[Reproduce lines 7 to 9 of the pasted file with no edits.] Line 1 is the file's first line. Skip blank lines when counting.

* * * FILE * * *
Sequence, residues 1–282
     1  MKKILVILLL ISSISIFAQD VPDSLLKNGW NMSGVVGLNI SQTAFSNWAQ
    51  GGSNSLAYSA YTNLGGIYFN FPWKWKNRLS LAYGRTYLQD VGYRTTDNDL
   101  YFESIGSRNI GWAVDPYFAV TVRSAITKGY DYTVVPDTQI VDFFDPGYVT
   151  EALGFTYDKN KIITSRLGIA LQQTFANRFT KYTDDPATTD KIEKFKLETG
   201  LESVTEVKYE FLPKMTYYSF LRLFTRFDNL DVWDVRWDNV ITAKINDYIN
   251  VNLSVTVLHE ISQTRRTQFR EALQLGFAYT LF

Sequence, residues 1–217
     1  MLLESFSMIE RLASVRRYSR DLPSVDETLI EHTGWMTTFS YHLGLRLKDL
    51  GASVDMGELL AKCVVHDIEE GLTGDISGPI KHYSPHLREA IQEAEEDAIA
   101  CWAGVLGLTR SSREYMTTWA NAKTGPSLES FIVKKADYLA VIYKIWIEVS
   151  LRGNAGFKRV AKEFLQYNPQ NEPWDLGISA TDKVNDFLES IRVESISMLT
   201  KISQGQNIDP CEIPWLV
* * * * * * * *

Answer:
   251  VNLSVTVLHE ISQTRRTQFR EALQLGFAYT LF

Sequence, residues 1–217
     1  MLLESFSMIE RLASVRRYSR DLPSVDETLI EHTGWMTTFS YHLGLRLKDL